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war on christmas

Bill O’Reilly Explains White Santa’s Generosity Knows No Racial Boundaries

After conveniently falling ill the night after she assured the many children watching Fox News that both Santa and Jesus are white, on Friday Megyn Kelly said she was just kidding. Bill O'Reilly chimed with his own defense on Monday night, saying, "In this case Ms. Kelly was correct. Santa was a white person." However, no one should feel alienated just because the imaginary character is irrefutably light-skinned. "The spirit of Santa transcends all racial boundaries," he said. "It's a spirit based on generosity, kindness to children, and magical moments." So why all the controversy? O'Reilly explained, "for those who despise the Fox News Channel, there's nothing magical about anything we do here."

The "white Santa" kerfuffle is a new peak in a War on Christmas that's been raging in the media for the past nine years. As Daniel Denvir explains in Politico's history of the annual showdown, the modern incarnation can be traced back to Dec. 7, 2004, when The O'Reilly Factor aired its first "Christmas Under Siege" segment. "All over the country, Christmas is taking flak," O’Reilly said, citing the lack of religious floats in Denver's holiday parade, Mayor Bloomberg's unveiling of a "holiday tree," and Macy's dropping the greeting "Merry Christmas."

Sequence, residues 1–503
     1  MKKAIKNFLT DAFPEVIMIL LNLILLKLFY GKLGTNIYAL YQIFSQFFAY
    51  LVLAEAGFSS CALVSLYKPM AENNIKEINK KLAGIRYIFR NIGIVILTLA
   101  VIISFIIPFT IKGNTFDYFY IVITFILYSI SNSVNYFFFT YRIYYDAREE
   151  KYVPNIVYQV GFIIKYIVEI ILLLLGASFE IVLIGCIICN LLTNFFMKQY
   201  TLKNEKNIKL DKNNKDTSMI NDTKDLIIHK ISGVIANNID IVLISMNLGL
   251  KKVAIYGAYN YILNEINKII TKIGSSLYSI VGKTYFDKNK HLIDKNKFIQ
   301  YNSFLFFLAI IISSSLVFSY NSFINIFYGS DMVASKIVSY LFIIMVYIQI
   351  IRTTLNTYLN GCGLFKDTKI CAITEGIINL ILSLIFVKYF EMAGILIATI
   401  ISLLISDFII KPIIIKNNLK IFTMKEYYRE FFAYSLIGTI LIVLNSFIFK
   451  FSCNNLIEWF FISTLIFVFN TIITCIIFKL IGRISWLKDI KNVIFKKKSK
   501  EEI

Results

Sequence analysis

The idea was picked up by other right-leaning pundits, and gave birth to a holiday tradition. Fox News sounds the alarm about the demise of the most popular holiday in America, liberal outlets like The Daily Show laugh at conservatives for being "ignorant and provincial hicks," and Fox News cites their mockery as evidence that they're being persecuted for embracing traditional symbols of the holiday. Denvir notes that regardless of their political affiliation, the exercise is "a gift to busy news producers trying to fill the airwaves."

What's different this year is that with "white Santa" being pitted against "black Santa" (or maybe penguins) we finally have a clear visual representation of the ridiculous controversy. (When Kenan Thompson appeared on "Weekend Update" in a Santa suit, it was obvious SNL was taking aim at Fox News. A Bloomberg impersonator holding a tree needs some explanation.) If the symbol sticks, some day we'll be telling our grandkids what it was like before people dressed up as White Santa and headed to the mall to shout at store clerks who say "Happy Holidays."

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